What started as a time-filler for housewives is now a ground-breaking feminist institution. On its 70th anniversary, Harriet Hall goes behind the scenes of the iconic radio programme...
At 2pm on Monday 7th October 1946, women all over Britain settled down and eagerly tuned their radios to Radio 4. “Good afternoon and welcome to our first Woman’s Hour... it’s your programme – designed for you,” said the voice in clipped tones crackling through the wireless. A reassuring and engaging voice, yes. But female? No, the first programme dedicated to their interests was presented by a man.
In a paternalistic age when it was assumed that women would happily ditch the dungarees they’d worn while working to support the war effort for the aprons of housewives, it was perhaps no surprise that the BBC decided that women would most like to hear about their concerns from presenter Alan Ivimey. A woman’s voice, it was thought, might feel patronising.
Seventy years on and Woman’s Hour is the longest-running radio magazine programme in British broadcasting: a feminist beacon and a respected radio staple that is synonymous with its presenters Dame Jenni Murray and Jane Garvey, not to mention its enviable range of high profile contributors, from Margaret Thatcher and Hillary Clinton to Angelina Jolie.
But its origins came from humbler stock. Intended to entertain and inform housewives, Woman’s Hour was initially aired at 2pm to deliberately catch women settling down to nurse newborns or washing-up after lunch. Early topics on the show included ‘How to hang your husband’s suit’ and ‘I’m grateful to be a housewife’, while former presenter Sue MacGregor (1972-1987) recalls an internal note from the early years that read: “Producers are asked to bear in mind the very simple nature of the Woman’s Hour audience.” And it wasn’t until three months after it launched that Joan Griffiths joined the show as its first female presenter.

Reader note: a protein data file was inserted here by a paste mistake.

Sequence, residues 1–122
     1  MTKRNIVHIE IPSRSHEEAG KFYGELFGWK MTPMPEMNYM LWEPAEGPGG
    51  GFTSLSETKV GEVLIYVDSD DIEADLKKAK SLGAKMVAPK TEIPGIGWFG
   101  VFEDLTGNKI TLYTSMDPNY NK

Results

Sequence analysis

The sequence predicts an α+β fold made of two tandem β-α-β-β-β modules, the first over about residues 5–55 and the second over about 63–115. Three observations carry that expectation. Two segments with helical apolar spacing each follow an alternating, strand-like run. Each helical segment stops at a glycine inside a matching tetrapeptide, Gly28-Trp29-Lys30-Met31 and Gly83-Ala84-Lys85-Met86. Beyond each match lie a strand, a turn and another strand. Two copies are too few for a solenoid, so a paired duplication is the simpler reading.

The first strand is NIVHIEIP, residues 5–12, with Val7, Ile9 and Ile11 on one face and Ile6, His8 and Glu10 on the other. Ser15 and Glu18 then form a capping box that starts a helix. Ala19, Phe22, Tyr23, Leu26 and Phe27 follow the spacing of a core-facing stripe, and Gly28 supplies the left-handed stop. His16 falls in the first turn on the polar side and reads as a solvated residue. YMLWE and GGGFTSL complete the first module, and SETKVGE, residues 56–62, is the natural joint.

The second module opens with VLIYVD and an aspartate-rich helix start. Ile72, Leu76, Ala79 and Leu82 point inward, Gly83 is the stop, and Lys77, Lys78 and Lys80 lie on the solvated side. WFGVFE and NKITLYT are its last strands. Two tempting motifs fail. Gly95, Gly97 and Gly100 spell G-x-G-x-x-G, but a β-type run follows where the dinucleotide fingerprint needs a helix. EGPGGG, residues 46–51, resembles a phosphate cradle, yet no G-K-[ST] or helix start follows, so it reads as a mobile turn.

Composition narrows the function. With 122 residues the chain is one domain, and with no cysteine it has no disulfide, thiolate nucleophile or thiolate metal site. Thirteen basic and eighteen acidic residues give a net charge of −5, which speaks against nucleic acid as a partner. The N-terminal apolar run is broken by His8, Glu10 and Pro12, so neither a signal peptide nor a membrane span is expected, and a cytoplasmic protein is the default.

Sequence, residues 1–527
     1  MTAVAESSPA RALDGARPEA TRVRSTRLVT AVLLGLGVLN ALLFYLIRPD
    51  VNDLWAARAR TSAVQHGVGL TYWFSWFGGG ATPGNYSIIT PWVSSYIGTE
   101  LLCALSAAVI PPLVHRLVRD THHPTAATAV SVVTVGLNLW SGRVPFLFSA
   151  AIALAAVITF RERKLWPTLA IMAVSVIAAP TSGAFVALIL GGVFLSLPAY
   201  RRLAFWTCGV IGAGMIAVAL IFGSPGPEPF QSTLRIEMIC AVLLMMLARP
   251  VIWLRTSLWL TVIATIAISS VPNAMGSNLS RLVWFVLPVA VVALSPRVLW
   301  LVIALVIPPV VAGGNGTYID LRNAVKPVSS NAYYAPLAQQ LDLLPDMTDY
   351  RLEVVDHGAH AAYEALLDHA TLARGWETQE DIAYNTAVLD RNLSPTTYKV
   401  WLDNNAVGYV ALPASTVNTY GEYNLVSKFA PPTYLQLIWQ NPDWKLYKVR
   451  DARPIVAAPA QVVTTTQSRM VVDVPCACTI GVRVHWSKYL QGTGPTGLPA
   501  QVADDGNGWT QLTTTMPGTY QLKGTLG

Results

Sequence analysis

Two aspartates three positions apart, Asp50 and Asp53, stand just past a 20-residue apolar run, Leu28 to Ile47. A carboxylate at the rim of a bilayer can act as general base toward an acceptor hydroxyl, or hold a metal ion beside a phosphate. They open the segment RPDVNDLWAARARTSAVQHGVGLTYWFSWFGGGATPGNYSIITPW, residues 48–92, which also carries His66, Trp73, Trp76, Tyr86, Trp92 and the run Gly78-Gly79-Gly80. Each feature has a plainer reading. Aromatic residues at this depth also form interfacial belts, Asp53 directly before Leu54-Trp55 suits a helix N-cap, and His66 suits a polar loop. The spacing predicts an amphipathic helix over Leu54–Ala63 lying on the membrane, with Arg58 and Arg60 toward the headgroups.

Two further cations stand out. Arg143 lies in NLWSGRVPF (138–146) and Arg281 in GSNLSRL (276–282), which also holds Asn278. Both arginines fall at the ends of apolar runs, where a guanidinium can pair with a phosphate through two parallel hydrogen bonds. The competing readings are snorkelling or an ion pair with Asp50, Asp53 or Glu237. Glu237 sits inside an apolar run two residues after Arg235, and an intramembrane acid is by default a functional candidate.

Yet despite the initial prejudices about women’s ‘simple’ natures, the programme has always pushed boundaries while also covering domestic trivia. In 1946, the use of the word ‘vagina’ on air caused such uproar that the more restrained ‘birth canal’ was used thereafter. And when homosexuality was discussed for the first time in 1955, listeners were given advance warning to turn the volume down if they wished.
The hour-long show (45 minutes of discussion, 15 minutes of serial drama) remains true to its original formula – an eclectic but compelling combination of the timely (political discussion, health reports, celebrity interviews) and the traditional (plays and recipe tips) that has proved irresistible to its 3.7 million listeners. And it’s still striving to set the agenda.